NHS signs £1.4m deal for provision of rare and genetic disease database

Platform will enable users to search data on variants of inherited conditions

Credit: Pxfuel

The NHS has signed a three-year seven-figure deal for the provision of a national database on rare genetic diseases.

According to newly published procurement information, NHS England and Improvement – the national overarching health-service body – had been seeking a supplier that could support the delivery of a “comprehensive, searchable [and] manually curated literature-based database of germline human genomic variants and their relationship with human disease”.

A three-year contract was awarded to German-based diagnostic technology specialist Qiagen. The deal, which is expected to be worth almost £1.4m, runs for the entirety of the 2022 to 2024 calendar years.

A budget of £2.2m was initiall set out but, during the tender process, the NHS said that “due to budget pressures expected to impact over the term, we expect for costs submitted to demonstrate a significant reduction upon the forecast, reflecting the stability offered by a three-year term”.


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The system to be provided by the winning bidder – which the NHS specified should offer “ease of accessibility and navigation” – is intended to allow users to “search extensively” for information on variants of rare and inherited diseases and affected genes. The platform should also “link out to peer-reviewed scientific literature” on genes and variants, as well as allowing users to download the entire database, including annotations, to be integrated into local systems.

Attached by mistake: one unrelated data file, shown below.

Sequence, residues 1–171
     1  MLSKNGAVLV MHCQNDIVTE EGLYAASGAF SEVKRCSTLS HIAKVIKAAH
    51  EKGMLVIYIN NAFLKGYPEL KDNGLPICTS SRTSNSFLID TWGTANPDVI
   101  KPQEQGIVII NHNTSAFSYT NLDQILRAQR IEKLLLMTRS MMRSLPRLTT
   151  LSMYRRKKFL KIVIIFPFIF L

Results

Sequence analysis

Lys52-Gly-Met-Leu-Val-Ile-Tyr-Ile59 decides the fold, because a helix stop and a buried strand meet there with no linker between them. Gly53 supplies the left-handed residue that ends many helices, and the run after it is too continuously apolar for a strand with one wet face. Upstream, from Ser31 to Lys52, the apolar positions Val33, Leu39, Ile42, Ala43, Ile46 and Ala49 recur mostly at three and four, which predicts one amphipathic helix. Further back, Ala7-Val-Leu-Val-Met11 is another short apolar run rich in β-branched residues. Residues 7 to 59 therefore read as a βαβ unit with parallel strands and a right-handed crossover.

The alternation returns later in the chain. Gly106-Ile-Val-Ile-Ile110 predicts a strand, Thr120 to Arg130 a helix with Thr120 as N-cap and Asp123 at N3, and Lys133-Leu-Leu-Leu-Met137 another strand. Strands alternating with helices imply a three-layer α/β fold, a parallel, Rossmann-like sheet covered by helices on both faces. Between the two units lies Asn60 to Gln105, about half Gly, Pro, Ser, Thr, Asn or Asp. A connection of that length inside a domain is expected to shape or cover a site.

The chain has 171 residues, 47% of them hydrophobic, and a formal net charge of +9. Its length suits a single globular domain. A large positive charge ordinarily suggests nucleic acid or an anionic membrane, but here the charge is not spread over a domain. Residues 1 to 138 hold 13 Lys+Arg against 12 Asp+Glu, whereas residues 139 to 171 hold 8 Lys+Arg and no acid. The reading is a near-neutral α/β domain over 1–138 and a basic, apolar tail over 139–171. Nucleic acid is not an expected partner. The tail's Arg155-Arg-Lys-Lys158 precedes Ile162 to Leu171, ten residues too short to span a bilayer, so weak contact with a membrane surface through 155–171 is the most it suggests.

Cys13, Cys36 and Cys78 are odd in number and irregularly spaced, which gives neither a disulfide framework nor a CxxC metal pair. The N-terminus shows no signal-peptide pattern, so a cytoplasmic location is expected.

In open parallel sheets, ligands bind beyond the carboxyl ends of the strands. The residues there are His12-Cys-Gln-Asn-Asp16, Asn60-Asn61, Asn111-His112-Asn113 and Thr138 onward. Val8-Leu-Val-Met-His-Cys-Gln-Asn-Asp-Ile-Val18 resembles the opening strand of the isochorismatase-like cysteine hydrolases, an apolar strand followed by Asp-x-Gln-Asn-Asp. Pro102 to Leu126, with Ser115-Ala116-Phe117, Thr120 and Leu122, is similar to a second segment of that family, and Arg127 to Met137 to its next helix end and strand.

“The successful provider will demonstrate class-leading and significant experience in the area – peer-reviewed publications illustrating utility in the diagnostic setting – and that their database is up to date and covers the breadth of the peer-reviewed scientific literature,” the contract notice said. 

Qiagen indicated that more than 500,000 are affected by genetic disease, and that about 30,000 babies are born in the UK annually suffering from a genetic disorder.

The firm has previously supported work on the government project to sequence 100,000 entire genomes. The Genome UK strategy published by government in September 2020 set out an ambition to analyse five million genomes by the 2023/24 year, including the full sequencing of an additional 500,000.

Jonathan Sheldon, head of Qiagen digital insights, said that the firm’s HGMD Professional (Human Gene Mutation Database) product – that will be provided via the contract – “offers users a digital encyclopedia of peer-reviewed genetic information, 

“[We are continuously striving to deliver valuable molecular insights and clinical bioinformatics solutions that will enable predictive, preventative, and personalised care with confidence, and that improve patient outcomes,” he added.


Sam Trendall

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